But all of this external input and new information is unable to bring resolution to the issue if we fail to include the importance of unlearning the toxic narrative in the process. These narratives are deep — and countless examples show us that they can rear their ugly heads at the most unexpected times. Dealing with them is a long — even a life-long — process for most people.
In the pursuit of learning, every day something is acquired.
In the pursuit of Tao, every day something is dropped.
Learning and growth aren’t just about acquiring things. They’re about dropping things, too. And in order to drop things, we have to have eyes to see what needs to be dropped. So the first step to the wisdom of unlearning is awareness.
Here’s another relatively basic example: we are very quick to form first impressions of people. In fact, I don’t remember quite where I heard it, but the emotional and psychological power of our first impression of someone usually has an effect on all of our future interactions with that person — even when we recognize that our impression was wrong. Some people do this more than others. For example, I have a family member who forms very strong opinions about people very quickly. She is actually very insightful and discerning, so a lot of the time that impression is right on target. However, I have watched so many times when that impression ends up being totally unfounded, yet for some reason she still holds onto it, trusting it on a deep level. We have to recognize that our impressions are often extremely inaccurate, and we have to be willing to let go of, or unlearn, the negative impressions (or at least hold them very loosely) until we get to know a person.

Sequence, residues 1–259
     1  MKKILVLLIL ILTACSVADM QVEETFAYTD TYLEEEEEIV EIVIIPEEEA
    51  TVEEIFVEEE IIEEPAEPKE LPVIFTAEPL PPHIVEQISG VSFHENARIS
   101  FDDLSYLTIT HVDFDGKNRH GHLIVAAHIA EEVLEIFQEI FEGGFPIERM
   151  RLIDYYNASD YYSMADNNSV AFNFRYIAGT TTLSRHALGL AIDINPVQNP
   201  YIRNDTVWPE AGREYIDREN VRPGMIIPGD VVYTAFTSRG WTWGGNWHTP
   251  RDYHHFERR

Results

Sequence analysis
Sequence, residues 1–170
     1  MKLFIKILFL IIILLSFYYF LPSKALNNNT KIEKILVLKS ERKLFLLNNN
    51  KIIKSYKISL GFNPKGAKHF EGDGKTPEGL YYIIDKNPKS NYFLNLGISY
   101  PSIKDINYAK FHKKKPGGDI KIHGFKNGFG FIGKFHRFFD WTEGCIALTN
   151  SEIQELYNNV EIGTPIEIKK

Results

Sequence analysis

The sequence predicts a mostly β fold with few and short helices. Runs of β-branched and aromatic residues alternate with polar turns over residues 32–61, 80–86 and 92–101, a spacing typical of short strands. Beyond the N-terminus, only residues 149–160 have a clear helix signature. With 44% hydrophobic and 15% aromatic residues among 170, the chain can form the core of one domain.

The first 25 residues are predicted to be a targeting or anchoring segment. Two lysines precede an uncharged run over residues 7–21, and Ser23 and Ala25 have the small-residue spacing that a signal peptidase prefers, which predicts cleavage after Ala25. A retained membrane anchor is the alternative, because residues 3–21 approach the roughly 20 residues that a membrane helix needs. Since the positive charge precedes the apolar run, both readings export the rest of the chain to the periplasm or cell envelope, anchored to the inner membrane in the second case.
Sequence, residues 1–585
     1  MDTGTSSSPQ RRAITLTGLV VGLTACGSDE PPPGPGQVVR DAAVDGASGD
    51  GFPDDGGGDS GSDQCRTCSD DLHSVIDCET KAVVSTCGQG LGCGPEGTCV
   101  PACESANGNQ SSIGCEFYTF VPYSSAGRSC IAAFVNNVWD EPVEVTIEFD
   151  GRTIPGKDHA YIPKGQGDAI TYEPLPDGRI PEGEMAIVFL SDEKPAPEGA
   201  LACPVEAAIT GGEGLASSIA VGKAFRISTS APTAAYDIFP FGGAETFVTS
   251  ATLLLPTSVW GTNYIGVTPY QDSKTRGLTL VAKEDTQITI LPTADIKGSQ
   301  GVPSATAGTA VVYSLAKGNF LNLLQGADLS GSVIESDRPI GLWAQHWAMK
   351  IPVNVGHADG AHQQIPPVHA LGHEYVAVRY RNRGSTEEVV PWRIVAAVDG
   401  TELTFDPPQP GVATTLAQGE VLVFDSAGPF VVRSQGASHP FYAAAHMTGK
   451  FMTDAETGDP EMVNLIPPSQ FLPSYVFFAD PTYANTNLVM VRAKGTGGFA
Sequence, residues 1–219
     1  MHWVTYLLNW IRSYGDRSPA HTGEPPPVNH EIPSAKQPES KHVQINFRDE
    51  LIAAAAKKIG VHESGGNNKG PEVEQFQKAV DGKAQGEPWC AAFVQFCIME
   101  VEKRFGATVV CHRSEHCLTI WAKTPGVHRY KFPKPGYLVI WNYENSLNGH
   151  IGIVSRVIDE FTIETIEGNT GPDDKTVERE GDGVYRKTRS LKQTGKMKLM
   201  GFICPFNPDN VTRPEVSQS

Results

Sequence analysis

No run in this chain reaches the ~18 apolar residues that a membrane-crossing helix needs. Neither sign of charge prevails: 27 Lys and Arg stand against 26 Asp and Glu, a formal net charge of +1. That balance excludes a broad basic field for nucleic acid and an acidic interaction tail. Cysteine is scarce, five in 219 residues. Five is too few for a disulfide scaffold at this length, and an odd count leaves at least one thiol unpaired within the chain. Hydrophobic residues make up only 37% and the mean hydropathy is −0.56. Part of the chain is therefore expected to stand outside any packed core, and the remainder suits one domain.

Here's another translation of chapter 48 that I really love:
In the intellectual life, one increases in knowledge.
In the spiritual life, one unlearns what one knows.
One becomes less and less,
until there is nothing.
When there is nothing left,
and nothing left to do,
then nothing is left undone.
True power is letting go of power.
Get out of the way, and let God rule.
Cultural narratives and ideologies
The idea of thought habits is especially relevant when it comes to cultural narratives. I’ve talked many times before on the show about the thought habits Westerners, and particularly Americans, have absorbed throughout their lives. Our culture gives us many different ideas of what “success” looks like, the most common being to live a life of health, wealth, comfort, and security. In episode seven we talked about the dangers of wealth and how the Tao te Ching challenges that paradigm. In episodes 13 and 15 we talked about Lao Tzu’s rather surprising take on comfort and security: first, that it’s very hard to be so different from everyone else, and second, that embracing our brokenness and emptiness and taking up our crosses, as Jesus put it, are essential to finding real life. In episodes 25 and 26, we talked about a very different form of virtue, and in episode 31, we talked about finding contentment in the simple things.